The report also suggested that the diversity of the city is not reflected by the current employment figures at the school district.

It also suggests fewer investments in the central office and recruiting new leaders. The report suggests that Newport Schools spend approximately $1,700 per student just on administration costs while the state average is $945 per student. "That's almost double," Ramler said. 

"If we were a top-rated school, I don't think anyone is questioning that, but we are far from that," Ramler said.

Middleton, through a spokesperson, issued a statement to The River City News.

"The ReNewport report on the Newport Independent School District fails to recognize some of the positive steps we have recently taken, including investing $3 million in teacher salaries," Middleton said in part. "Out of 173 public school districts is Kentucky, Newport ranks sixth in salaries for teachers with 22 or more years of experience. And we have jumped from 170th to 40th in salaries for new teachers. These changes mean Newport pays some of the highest teacher salaries in Northern Kentucky. And our Board of Education is considering more increases for beginning teachers.

"The report also contains some inaccurate information. For example, ReNewport claims we have 30 staff; the actual number is 19. And the report reflects that we employ four assistant superintendents. The actual number is one.

"The task force also appears to be heavily influenced by those pushing a charter school. A plan for a charter school in Newport was recently denied by the board after close scrutiny by our school system, local school superintendents and education experts.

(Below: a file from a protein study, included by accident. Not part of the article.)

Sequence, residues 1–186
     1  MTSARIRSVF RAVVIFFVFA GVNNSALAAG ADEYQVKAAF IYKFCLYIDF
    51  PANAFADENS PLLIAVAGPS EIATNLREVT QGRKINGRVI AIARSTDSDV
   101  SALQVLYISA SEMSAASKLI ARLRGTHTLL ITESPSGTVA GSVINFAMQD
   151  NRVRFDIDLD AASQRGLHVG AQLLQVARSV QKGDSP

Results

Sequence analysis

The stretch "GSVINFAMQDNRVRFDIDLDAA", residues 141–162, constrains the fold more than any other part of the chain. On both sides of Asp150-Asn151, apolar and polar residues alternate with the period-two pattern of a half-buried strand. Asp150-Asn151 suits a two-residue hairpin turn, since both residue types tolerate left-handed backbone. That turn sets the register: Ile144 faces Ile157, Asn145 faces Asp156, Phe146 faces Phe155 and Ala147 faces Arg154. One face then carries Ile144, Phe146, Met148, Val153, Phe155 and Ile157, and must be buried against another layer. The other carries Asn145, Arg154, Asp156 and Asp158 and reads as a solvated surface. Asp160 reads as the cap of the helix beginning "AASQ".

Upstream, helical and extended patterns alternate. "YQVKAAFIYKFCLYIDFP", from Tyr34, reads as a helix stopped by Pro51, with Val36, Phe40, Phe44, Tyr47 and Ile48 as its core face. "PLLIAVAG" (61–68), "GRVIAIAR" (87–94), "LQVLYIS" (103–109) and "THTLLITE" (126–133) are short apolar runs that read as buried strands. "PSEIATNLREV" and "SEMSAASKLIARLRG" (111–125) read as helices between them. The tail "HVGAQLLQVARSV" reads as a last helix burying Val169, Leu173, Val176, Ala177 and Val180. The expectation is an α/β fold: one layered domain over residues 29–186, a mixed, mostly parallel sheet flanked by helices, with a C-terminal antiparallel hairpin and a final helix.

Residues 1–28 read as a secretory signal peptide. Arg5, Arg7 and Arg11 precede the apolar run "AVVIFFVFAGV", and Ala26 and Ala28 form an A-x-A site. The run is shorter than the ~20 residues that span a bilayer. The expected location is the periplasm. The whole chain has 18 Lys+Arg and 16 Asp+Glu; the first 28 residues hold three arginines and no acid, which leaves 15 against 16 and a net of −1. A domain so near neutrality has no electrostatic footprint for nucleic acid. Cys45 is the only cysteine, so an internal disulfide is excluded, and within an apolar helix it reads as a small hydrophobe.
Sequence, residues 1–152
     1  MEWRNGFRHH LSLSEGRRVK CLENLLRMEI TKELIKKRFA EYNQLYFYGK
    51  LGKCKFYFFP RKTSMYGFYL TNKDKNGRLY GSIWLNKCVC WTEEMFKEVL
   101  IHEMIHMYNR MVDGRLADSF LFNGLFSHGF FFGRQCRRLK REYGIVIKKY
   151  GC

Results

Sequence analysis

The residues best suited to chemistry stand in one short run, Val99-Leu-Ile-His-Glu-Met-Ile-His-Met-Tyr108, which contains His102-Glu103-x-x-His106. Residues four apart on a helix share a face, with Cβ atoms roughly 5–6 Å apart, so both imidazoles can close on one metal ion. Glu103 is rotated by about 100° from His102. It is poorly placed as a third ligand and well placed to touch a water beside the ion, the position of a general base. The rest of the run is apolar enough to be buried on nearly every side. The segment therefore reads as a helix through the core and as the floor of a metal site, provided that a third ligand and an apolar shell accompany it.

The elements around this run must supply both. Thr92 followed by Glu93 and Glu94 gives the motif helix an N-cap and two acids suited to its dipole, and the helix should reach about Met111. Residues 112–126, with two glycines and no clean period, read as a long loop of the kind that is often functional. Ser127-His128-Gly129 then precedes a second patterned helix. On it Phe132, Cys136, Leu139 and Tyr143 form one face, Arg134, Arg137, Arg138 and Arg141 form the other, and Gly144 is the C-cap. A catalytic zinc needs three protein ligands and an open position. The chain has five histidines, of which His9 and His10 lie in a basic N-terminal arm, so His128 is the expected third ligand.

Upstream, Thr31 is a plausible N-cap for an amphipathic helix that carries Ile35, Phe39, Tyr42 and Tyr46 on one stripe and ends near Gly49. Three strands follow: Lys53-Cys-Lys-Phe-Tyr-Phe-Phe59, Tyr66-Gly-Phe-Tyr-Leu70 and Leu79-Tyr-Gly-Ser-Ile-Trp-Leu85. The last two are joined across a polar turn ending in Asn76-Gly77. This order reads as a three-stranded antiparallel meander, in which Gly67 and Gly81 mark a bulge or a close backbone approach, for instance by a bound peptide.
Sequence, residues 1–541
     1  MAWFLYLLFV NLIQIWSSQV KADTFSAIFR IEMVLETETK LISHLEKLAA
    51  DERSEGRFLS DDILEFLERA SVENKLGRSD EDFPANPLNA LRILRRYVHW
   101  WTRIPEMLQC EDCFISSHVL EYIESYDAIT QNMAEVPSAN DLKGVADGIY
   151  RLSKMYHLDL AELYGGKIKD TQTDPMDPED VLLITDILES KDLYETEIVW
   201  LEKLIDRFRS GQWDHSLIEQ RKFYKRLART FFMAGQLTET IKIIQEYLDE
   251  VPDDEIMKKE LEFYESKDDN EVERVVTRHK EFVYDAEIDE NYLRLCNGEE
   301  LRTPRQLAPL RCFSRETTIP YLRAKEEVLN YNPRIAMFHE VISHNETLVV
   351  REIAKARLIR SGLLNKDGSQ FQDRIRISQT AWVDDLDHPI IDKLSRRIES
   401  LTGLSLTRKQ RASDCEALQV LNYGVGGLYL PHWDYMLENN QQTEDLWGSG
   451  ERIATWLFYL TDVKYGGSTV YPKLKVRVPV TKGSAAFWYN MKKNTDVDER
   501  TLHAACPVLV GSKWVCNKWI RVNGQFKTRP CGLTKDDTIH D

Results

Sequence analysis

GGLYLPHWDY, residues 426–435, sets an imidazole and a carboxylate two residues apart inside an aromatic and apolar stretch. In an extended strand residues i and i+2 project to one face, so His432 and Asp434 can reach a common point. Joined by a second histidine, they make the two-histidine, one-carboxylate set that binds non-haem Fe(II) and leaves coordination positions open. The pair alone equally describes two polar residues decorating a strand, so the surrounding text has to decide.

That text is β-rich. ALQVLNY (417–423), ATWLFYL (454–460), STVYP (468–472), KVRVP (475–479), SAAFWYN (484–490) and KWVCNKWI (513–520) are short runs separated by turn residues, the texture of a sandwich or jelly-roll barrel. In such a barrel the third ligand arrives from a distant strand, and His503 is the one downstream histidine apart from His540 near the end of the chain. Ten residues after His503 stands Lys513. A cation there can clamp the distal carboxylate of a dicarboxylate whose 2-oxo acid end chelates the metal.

"Any organization can always improve. We are continuing to review the report to determine if some of the recommendations and findings have merit. As the district prepares to hire a new superintendent due to my previously announced retirement, I am willing to sit down and work with members of the ReNewport task force and others in the district and community to discuss ways we can improve to better educate, serve and prepare our students for the future."

Ramler, in presenting ReNewport's report, also suggested that better turnout for school board elections and including the public in the selection of a new superintendent would increase appreciation and interaction with the schools.

"Newport has experienced positive change in the past decades," Ramler said. "We expect no less from our schools."

"This report does speak to some of the challenges we have in our schools but it does not speak to the "why" or the  education barriers, that many our students and families face on daily basis," Chairwoman Malone said. "This report does not speak to the hard work or commitment of the Newport staff nor their long days, nights and weekends to educate our students while eliminating the barriers .  

"This report does not speak to the commitment of the Newport Board of Education to make the right decision to ensure that every student is given the key (education) to the door of opportunity.  

"It is our hope that this report will stir up the conscious of our citizens who are not involved to get involved (sign up to be a reader, math or science tutor, a mentor, etc.).   Thank you to all those in our community, parents, grandparents, aunt, uncles, cousins, city leaders, officers, firefighters, business partners, co-op supporters, who all help us do this great work. We look forward to doing a greater work in Newport Schools with our community partners, our city leaders and most importantly our  staff, students and their families.

"It take a village," Malone said, "and we are the village."

Read the full ReNewport report here.

Written by Michael Monks, editor & publisher